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I remember the first time I practiced Savasana at the end of a yoga class led by a teacher. I wasn’t expecting it as I thought it was just something specific to my yoga video (ask your parents, kids). I’d just come out of Sarvangasana (Shoulder Stand) and was counter-posing when the teacher said we could make our way into relaxation whenever we were ready. I looked around and people were putting on their socks and comfy jumpers, some of the participants even had blankets! All I had was my cardigan so draped it over myself and laid, as instructed, like a starfish on my mat. The incense was still burning, the candles were lit and the lights dimmed. Ahhhhh, bliss! I felt safe, nurtured, cocooned and most of all, relaxed! How was that possible when I was in a room full of people who I didn’t even know?!
Savasana fast became my favourite part of the practice and the lingering smell of incense in my hair and on my cardi helped me to get back to that state of pure bliss in between classes.
But, after a while, I started to become too familiar with the practice of relaxation at the end of the class and instead of being in a state of peace, my mind started to wander- I’d started to take my Savasana for granted. It was like the novelty had worn off for me. As soon as my head hit the mat I would think: what am I going to eat for dinner? Did I respond to that Email? Where is my life going?!
Coming out of Savasana I realised that I’d cooled down, my breath had softened and I felt kind of relaxed. But had it really worked? Had my chattering mind hindered my experience of relaxation? The answer is, no. I had still experienced all of the physical benefits of the practice: my body had become still, rested and cool and I had connected with the Earth by lying down on it. My stress levels had lowered as, even though I was thinking, I wasn’t getting stressed about my thoughts as I knew they were just thoughts the same way as sometimes when you’re dreaming, you’re aware that you’re sleeping.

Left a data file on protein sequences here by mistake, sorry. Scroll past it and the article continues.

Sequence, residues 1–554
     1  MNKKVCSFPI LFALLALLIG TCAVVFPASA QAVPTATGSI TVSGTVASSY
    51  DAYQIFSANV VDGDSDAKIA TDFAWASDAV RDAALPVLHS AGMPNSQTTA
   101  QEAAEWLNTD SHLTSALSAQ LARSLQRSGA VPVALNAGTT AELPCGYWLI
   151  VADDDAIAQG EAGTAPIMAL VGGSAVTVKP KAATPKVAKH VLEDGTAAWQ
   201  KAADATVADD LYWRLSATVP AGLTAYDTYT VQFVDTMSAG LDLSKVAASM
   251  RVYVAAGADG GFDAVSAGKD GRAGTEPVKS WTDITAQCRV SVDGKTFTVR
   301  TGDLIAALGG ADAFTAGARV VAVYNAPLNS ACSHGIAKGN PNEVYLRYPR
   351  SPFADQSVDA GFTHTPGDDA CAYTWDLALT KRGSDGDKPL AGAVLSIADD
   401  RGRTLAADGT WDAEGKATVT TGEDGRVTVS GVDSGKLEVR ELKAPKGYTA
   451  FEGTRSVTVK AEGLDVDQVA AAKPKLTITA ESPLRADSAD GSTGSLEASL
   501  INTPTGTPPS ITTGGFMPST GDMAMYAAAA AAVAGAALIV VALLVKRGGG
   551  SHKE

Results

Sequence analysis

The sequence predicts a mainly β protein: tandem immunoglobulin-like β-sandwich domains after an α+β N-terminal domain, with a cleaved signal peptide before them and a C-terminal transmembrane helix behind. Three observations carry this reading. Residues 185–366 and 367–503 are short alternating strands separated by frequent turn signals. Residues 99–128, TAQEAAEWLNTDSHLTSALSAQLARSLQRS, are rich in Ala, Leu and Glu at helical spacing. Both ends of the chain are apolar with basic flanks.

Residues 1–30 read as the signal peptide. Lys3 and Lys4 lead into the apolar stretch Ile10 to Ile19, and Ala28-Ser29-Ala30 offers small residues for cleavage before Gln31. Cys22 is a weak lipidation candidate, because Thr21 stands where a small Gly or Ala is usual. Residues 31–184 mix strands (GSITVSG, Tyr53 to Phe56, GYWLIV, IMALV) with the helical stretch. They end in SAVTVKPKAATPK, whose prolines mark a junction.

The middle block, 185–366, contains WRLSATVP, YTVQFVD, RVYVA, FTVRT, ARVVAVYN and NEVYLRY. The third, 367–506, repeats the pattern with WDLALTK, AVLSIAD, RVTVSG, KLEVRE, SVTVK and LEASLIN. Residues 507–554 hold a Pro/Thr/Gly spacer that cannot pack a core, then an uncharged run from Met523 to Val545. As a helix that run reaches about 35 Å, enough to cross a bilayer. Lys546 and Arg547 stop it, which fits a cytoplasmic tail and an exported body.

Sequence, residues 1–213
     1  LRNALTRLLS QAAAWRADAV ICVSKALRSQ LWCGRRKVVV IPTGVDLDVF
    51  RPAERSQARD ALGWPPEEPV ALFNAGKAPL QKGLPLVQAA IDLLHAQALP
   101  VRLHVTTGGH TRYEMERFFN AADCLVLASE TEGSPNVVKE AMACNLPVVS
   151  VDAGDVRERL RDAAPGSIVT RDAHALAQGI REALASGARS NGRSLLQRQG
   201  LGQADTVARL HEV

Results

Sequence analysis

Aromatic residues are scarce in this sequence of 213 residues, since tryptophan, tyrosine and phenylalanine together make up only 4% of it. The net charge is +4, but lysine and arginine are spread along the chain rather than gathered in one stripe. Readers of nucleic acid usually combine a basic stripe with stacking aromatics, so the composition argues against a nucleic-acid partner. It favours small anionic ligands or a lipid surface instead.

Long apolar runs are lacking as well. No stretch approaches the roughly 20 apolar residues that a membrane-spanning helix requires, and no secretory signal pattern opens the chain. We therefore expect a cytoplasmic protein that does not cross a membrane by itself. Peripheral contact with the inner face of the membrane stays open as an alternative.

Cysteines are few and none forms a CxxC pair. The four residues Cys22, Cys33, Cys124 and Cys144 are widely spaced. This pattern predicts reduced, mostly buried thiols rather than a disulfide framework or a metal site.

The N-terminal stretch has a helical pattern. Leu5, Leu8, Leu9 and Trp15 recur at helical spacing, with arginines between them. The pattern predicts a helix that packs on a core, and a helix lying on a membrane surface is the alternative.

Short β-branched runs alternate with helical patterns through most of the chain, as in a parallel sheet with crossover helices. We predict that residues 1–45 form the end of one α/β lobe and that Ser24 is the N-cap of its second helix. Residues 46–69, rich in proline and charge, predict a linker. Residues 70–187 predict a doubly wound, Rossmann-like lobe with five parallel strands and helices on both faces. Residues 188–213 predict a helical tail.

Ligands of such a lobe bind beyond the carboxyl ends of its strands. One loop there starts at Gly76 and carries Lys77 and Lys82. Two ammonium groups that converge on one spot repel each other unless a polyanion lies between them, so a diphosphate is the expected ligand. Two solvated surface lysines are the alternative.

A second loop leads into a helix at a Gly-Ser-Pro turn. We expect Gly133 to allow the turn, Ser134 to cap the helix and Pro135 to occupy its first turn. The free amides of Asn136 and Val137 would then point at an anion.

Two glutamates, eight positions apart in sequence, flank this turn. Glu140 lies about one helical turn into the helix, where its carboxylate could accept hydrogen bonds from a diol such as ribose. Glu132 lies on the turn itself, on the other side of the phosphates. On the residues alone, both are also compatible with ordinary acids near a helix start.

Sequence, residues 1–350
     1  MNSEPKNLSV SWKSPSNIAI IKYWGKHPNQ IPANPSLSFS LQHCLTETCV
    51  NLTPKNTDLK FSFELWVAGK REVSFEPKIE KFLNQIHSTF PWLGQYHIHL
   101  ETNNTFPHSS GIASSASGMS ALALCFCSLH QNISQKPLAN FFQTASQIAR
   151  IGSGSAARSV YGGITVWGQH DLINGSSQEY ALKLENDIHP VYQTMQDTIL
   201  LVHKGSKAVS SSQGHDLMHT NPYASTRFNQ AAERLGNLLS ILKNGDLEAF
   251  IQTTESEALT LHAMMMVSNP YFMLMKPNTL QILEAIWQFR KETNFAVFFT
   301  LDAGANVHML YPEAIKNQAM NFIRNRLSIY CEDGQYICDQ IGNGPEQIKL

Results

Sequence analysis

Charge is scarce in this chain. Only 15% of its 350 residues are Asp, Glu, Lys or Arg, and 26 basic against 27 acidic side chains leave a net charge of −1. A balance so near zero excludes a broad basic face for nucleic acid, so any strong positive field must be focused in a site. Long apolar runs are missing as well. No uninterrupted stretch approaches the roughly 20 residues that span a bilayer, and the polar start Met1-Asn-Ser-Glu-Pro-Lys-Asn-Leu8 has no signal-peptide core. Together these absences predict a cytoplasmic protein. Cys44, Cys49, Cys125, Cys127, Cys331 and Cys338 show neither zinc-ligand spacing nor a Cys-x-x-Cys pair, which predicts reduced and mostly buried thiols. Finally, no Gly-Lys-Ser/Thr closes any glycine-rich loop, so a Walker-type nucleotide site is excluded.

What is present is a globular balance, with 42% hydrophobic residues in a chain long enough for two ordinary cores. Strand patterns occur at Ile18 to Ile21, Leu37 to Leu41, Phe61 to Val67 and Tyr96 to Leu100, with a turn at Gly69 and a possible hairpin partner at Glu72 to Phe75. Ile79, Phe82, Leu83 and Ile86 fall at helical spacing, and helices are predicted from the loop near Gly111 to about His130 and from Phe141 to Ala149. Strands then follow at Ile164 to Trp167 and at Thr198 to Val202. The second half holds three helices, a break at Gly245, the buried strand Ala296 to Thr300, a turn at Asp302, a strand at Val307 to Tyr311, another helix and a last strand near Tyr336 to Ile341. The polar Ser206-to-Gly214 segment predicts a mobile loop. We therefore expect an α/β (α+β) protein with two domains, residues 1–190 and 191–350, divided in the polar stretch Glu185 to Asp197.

Each time a thought came into my mind I let it go. It took me a little time but after a while I’d catch myself thinking and rather than getting caught up in that thought I would just observe it. Observing a thought isn’t the same as thinking it. It’s like watching someone else think, and you wouldn’t get stressed about someone else’s thoughts, would you? So because I wasn’t stressing out about the thoughts in my head my parasympathetic still managed to kick in along with my rest and digest and so on.
So, is it ok to think in Savasana?
If you’re skipping from one thought to the next and just literally lying down lost in the busy thoughts of your chattering mind then the only benefit you’ve experienced is cooling down from the physical practice. Your muscles probably haven’t had a chance to relax as, if you became stressed by your thoughts you can bet your bottom dollar you were tensing up and if you were tensing up, your adrenalin would have been having a party that your parasympathetic wasn’t invited to.
This isn’t beneficial, as all of the energy that you’ve worked to stimulate in the asanas would have been used up by following the path of your thoughts, which can be exhausting. If this sounds like you don’t worry. Definitely don’t create more stress by trying really hard not to think during Savasana.
Just acknowledge your thoughts and observe them instead of following them. If it helps, try letting your thoughts form into an image and see yourself looking at that vision. This way you can isolate yourself from the thought and avoid using up energy by being part of it, therefore you prevent yourself becoming stressed about its content. Realising that the mind is separate from thought is the practice of being mindful. It doesn’t mean that you don’t have to think but it allows you to not always be so thoughtful. Looking up the definitions of both mindful and thoughtful really helped me to grasp this concept so it might help you too.
So, the next time you’re in Savasana and that sense of failure floods over you as you realise you’ve spent the last few breaths lost in thought, congratulate yourself as you have just separated yourself from that thought long enough to realise you were thinking it in the first place.